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Lawtone-Bowles v. City of New York, Dep't of Sanitation

United States District Court, S.D. New York

May 30, 2014

NICOLE LAWTONE-BOWLES, Plaintiff, -
v.
- THE CITY OF NEW YORK, DEPARTMENT OF SANITATION, ET AL., Defendants

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[Copyrighted Material Omitted]

Page 343

Nicole Lawtone-Bowles, Plaintiff, Pro se.

Page 344

OPINION AND ORDER

John G. Koeltl, United States District Judge.

Pro se plaintiff Nicole Lawtone-Bowles brings this action against the City of New York, Department of Sanitation (" DSNY" ) and Kadaya Pouncie, alleging employment discrimination, retaliation, failure to accommodate, assault, and negligent supervision and retention under various provisions of state and federal law.[1] The DSNY has moved to dismiss the plaintiff's claims against it under Rules 12(b)(1) and 12(b)(6) of the Federal Rules of Civil Procedure.[2]

I.

In deciding a motion to dismiss pursuant to Rule 12(b)(6), the allegations

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in the complaint are accepted as true, and all reasonable inferences must be drawn in the plaintiff's favor. McCarthy v. Dun & Bradstreet Corp., 482 F.3d 184, 191 (2d Cir. 2007). The Court's function on a motion to dismiss is " not to weigh the evidence that might be presented at a trial but merely to determine whether the complaint itself is legally sufficient." Goldman v. Belden, 754 F.2d 1059, 1067 (2d Cir. 1985). The Court should not dismiss the complaint if the plaintiff has stated " enough facts to state a claim to relief that is plausible on its face." Bell A. Corp. v. Twombly, 550 U.S. 544, 570, 127 S.Ct. 1955, 167 L.Ed.2d 929 (2007). " A claim has facial plausibility when the plaintiff pleads factual content that allows the court to draw the reasonable inference that the defendant is liable for the misconduct alleged." Ashcroft v. Iqbal, 556 U.S. 662, 678, 129 S.Ct. 1937, 173 L.Ed.2d 868 (2009). While the Court should construe the factual allegations in the light most favorable to the plaintiff, " the tenet that a court must accept as true all of the allegations contained in the complaint is inapplicable to legal conclusions." Id.

When faced with a pro se complaint, the Court must " construe [the] complaint liberally and interpret it to raise the strongest arguments that it suggests." Chavis v. Chappius, 618 F.3d 162, 170 (2d Cir. 2010) (citation and internal quotation marks omitted). " Even in a pro se case, however, . . . threadbare recitals of the elements of a cause of action, supported by mere conclusory statements, do not suffice." Id. (citation omitted). Thus, although the Court is " obligated to draw the most favorable inferences" that the complaint supports, it " cannot invent factual allegations that [the plaintiff] has not pled." Id.; see also Seymore v. Dept. of Corr. Servs., No. 11 Civ. 2254, 2014 WL 641428, at *1 (S.D.N.Y. Feb. 18, 2014).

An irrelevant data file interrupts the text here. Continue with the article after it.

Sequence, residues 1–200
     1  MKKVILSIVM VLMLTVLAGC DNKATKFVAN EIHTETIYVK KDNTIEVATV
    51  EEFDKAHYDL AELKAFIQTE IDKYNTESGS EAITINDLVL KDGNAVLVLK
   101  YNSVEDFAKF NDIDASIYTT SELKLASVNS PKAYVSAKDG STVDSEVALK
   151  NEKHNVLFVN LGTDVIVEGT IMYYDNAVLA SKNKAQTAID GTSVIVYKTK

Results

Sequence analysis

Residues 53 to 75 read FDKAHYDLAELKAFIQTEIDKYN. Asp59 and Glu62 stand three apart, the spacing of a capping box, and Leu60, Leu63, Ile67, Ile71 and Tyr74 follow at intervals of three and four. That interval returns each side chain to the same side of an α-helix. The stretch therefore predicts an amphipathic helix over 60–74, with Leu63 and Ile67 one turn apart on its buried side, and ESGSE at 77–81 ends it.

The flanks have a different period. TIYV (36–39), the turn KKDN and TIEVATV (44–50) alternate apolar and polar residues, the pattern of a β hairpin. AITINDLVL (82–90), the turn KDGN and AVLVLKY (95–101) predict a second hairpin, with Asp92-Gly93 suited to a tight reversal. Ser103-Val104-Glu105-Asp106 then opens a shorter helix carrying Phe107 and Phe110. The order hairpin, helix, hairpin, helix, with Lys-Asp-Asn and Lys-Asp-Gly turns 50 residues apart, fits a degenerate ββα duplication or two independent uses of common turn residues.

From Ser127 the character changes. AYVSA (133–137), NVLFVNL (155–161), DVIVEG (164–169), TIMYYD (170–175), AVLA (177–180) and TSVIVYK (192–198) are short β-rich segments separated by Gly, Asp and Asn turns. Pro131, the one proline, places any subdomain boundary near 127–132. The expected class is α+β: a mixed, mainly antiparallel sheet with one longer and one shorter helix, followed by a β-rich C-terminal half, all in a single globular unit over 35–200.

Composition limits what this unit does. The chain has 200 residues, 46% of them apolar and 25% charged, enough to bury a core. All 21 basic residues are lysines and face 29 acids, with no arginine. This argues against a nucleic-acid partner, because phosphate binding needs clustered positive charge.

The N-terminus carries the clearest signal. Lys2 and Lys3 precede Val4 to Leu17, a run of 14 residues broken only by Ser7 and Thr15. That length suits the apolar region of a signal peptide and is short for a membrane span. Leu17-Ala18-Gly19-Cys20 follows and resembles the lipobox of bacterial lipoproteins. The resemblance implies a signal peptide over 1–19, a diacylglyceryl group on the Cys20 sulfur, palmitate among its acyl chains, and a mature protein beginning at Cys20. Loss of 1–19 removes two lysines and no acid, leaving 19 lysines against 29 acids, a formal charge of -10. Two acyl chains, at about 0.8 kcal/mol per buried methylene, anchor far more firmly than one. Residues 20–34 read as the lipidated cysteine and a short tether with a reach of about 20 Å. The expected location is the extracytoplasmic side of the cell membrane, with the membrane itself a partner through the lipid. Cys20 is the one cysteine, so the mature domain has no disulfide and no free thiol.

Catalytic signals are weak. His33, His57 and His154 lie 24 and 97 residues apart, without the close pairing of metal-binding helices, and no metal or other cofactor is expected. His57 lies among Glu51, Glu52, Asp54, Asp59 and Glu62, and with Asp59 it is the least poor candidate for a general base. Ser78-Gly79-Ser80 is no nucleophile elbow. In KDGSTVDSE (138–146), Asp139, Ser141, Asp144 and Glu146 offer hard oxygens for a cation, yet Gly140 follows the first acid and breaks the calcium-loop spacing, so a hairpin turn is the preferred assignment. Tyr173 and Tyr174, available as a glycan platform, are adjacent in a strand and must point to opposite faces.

When presented with a motion to dismiss pursuant to Rule 12(b)(6), the Court may consider documents that are referenced in the complaint, documents that the plaintiff relied on in bringing suit and that are either in the plaintiff's possession or that the plaintiff knew of when bringing suit, or matters of which judicial notice may be taken. See Chambers v. Time Warner, Inc., 282 F.3d 147, 153 (2d Cir. 2002); see also Winfield v. Citibank, N.A., 842 F.Supp.2d 560, 564 (S.D.N.Y. 2012).

To survive a motion brought under Rule 12(b)(1), the plaintiff bears the burden of proving the Court's jurisdiction by a preponderance of the evidence. Makarova v. United States, 201 F.3d 110, 113 (2d Cir. 2000). Moreover, in considering such a motion, the Court generally must accept the material factual allegations in the complaint as true, but the Court does not draw all reasonable inferences in the plaintiff's favor. J.S. ex rel. N.S. v. Attica Cent. Sch., 386 F.3d 107, 110 (2d Cir. 2004); Graubart v. Jazz Images, Inc., No. 02 Civ. 4645, 2006 WL 1140724, at *2 (S.D.N.Y. Apr. 27, 2006). Indeed, where jurisdictional facts are disputed, the Court has the power and the obligation to consider matters outside the pleadings, such as affidavits, documents, and testimony, to determine whether jurisdiction exists. See APWU v. Potter, 343 F.3d 619, 627 (2d Cir. 2003).

II.

The following facts are accepted as true for purposes of this motion to dismiss.

A.

In June 2012,[3] the plaintiff was employed by the DSNY ...


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